For context, I am part of a LGBTQ+ Minecraft community who ran a Minecraft server catering to adults in the kink community.

Recently, without warning our server was blacklisted by Mojang. Apparently one of the mods we were using violated their EULA or Terms, though trying to find out what that was that they had issue with was near impossible, and they refuse to tell the mod creator what they need to fix in order to use the mod. Their official response when asking about other servers running the mod was

If a server or social community is discoverable or reported to us then we will investigate and take appropriate action based on our EULA and usage guidelines.

Is there a way, to ensure they cannot take legal action? For example, any sort of disclaimer that could be added to the Discord so that anyone coming in is confirming they are not a Mojang or Microsoft employee or anyone working with said company?

Basically the TL:DR, is there a way to operate a server for Minecraft that can remain usable, even if say Mojang might get a report about it? I feel like because of their lack of information regarding what happened is them singling out our LGBTQ+ community, since I know Notch is known for being a bit bad in that respect and maybe that is further through Mojang even after he left?

  • Why do you think "whitelisting behind a private Discord" per the title has anything to do with "escaping" the EULA? Nov 18, 2022 at 19:40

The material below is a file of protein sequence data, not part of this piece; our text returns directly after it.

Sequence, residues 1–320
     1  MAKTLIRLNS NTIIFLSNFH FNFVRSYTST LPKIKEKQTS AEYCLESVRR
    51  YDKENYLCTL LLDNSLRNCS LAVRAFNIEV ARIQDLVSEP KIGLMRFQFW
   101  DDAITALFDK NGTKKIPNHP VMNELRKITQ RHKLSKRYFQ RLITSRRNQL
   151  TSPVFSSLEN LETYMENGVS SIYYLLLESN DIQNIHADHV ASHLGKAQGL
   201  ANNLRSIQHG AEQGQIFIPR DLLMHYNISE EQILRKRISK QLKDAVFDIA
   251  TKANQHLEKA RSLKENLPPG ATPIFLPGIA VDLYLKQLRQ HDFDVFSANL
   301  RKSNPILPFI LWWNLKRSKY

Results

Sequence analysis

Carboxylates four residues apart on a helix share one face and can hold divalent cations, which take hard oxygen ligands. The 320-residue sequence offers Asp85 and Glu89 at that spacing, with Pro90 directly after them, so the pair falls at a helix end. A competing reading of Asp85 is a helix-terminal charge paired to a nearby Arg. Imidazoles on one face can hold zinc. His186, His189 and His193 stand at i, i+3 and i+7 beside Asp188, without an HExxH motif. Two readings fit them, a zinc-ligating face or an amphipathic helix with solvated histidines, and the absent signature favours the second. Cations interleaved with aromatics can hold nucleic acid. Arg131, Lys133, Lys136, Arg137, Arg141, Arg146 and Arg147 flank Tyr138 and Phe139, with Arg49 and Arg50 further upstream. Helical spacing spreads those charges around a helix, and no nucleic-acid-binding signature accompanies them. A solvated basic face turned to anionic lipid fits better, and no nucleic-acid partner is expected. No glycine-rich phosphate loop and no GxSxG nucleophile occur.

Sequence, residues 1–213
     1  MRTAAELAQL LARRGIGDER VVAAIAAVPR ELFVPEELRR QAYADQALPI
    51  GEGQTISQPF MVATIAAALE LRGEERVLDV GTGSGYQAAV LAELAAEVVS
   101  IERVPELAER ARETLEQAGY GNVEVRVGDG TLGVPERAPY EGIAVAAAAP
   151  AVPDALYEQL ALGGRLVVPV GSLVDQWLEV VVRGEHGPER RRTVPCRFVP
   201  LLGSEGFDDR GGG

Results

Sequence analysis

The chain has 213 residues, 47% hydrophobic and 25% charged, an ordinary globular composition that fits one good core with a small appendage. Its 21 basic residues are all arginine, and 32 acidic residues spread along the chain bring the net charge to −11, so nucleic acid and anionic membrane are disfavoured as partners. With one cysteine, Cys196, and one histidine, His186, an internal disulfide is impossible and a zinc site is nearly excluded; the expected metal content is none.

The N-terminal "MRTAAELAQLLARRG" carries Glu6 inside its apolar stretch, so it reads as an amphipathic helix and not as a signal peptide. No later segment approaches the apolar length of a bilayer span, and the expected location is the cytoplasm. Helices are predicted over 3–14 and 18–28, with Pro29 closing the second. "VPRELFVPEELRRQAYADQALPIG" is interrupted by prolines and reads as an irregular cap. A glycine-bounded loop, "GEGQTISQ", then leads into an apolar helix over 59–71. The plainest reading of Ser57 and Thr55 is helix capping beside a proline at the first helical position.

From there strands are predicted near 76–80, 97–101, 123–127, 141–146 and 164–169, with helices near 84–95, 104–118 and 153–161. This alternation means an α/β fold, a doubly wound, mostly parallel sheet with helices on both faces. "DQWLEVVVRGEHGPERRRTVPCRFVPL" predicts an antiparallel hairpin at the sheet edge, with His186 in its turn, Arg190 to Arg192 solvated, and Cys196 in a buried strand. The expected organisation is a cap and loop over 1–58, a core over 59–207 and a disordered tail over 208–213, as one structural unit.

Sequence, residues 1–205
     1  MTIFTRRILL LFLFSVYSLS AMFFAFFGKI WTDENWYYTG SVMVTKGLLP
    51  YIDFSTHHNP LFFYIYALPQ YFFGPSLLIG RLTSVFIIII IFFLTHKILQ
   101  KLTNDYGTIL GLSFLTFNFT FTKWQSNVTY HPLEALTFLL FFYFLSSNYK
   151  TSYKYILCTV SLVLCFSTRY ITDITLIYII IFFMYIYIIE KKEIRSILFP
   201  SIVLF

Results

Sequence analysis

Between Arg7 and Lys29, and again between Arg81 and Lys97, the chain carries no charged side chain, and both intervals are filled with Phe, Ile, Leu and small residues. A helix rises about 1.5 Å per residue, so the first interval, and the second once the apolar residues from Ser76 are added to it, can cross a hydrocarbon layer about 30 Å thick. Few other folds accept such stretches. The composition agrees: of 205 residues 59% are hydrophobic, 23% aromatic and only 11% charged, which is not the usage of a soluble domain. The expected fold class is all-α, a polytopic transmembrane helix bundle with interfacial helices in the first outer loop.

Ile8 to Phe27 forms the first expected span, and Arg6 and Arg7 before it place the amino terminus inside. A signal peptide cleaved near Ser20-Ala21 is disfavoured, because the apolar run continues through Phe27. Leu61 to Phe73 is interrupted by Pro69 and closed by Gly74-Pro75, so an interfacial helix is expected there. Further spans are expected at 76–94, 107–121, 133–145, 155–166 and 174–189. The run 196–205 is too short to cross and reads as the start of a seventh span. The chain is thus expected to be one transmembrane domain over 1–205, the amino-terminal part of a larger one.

• Because Mojang said if it's not discoverable, or reported, this "discoverable" means behind a word of mouth only discord that has verification and whitelisting for the server so that you need to be whitelisted to see the server information should qualify. I'd not be as upset if I didn't know about other mods that are truly "adult" in nature that still exist and haven't been taken down or targeted which is why I think what I do about their motives for this.
    – Kevin
    Nov 18, 2022 at 19:50
  • Ah, so you are trying to avoid your server being reported? Nov 18, 2022 at 19:52
  • That would be ideal. I don't disagree that the servers using the mod may be violating the EULA or Terms of Service but as of right now, I have not been made aware of the exact reason, and their saying "sure you can do it, just don't get caught" is a horrible message from Mojang that both says do and do not do the thing. I just don't see how they can enforce when to gain access to the server requires them to verify can't I have my own terms stating that anyone wanting to gain access to the whitelist is confirming they have no affiliation with Mojang and it's partners? To get around any report?
    – Kevin
    Nov 18, 2022 at 20:26
  • I'm not a lawyer, so I can't really answer any of your questions. But what are you proposing your recourse would be if someone you whitelist lies about being tied to Mojang/Microsoft? Do you want to sue them? Nov 18, 2022 at 20:28

1 Answer 1


Yes, Mojang has its rights under the EULA everywhere

By agreeing to the EULA, you agreed to the EULA.

You didn’t agree to the EULA “but not if …”. You agreed.

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